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Re: Re: Re: Re: Re: Re: mod_perl was hosed by a bind variable

by tantarbobus (Hermit)
on Feb 02, 2004 at 00:44 UTC ( #325760=note: print w/replies, xml ) Need Help??


in reply to Re: Re: Re: Re: Re: mod_perl was hosed by a bind variable
in thread mod_perl was hosed by a bind variable

Your test might be more realisitic; however, your original statement was 'The fastest way to use DBI is with prepare_cached() and bind variables.' which, as proved by the ealier posted counter-example, is false. That was my only point -- that there exists an input that causes your stament to be false, nothing more. Your statement would probably be better worded something like 'The fastet way to use DBI is normally with prepare_cached and bind variables' or 'The fastet way to use DBI is with prepare_cached() and bind_variables except for when it is not' ;-)

Like I said in my origional post, I am just nitpicking, being a pedant, as it were.

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Re: Re: Re: Re: Re: Re: Re: mod_perl was hosed by a bind variable
by perrin (Chancellor) on Feb 02, 2004 at 03:02 UTC
    I do understand, but when your goal is to help people learn something, the things you leave out are as important as the things you put in. The example you gave is pretty absurd, and I'm skeptical that MySQL would even accept a SQL statement that long. It's not a reasonable use case.

      I'll leave it at this:

      We are looking at it from two different points of view. You are more interested in pedagogy even at the expense of accuracy whereas I am in favour of accuracy even if it serves to confuse slightly. Although I think that a good instructor can do both (think back to your days in math where the proffessor, explaining a proof, does some "handwaving" over the harder parts that require skills yet to be attained)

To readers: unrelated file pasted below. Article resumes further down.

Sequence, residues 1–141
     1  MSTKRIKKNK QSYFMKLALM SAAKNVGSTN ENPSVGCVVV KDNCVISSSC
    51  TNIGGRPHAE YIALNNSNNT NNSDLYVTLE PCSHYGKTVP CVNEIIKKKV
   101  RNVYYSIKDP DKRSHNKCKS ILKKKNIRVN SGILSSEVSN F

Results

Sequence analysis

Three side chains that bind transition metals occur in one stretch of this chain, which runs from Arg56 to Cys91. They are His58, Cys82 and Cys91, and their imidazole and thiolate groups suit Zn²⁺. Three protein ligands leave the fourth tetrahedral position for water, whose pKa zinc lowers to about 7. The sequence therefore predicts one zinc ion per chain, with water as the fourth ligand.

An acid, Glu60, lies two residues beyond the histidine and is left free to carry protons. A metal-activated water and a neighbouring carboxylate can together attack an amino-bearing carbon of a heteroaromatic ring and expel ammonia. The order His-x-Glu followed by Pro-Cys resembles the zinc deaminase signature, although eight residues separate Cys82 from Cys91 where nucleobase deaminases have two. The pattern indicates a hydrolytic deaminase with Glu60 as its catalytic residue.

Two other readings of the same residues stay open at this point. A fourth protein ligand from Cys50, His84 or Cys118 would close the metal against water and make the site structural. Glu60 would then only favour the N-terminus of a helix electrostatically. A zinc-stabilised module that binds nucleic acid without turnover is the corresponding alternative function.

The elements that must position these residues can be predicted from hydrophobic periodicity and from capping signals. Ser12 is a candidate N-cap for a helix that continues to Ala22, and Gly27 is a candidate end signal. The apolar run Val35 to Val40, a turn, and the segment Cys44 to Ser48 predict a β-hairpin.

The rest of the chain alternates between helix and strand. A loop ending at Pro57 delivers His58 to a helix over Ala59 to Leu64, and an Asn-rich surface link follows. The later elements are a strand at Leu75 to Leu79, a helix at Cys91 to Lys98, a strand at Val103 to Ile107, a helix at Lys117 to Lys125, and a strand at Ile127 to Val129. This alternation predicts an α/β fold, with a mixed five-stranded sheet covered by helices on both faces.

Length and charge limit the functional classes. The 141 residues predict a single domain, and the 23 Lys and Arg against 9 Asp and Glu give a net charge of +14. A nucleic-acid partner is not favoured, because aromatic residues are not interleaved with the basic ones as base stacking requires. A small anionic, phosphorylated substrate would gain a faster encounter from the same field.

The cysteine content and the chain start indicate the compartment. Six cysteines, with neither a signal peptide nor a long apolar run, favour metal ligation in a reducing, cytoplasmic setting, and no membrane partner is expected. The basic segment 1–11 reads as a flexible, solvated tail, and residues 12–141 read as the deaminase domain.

FYI, mysql should have no problem accepting the 100,000 char string since the string that DBD::mysql sends to the database is basically just the prepared sql statement with all bind params filled in. So $db->do("This is my ?",{},'x'100_000) becomes something akin to "this is my '@{'x'x100_000}'".

      The truth is that the inflection point where prepare() becomes faster than prepare_cached() is much lower that at x=100_000 (it looks to be somewhere around x=6*1024 of data). I just pulled x=100_000 off the top of my head because hash lookup performance tends to go down as the size of the string increases and at 100,000 I figured that the hash lookup would take more cpu than the work mysql did + object creation overhead, and since I only needed 1 counterexample;therefore, I did not dig any further...

      Oh well...

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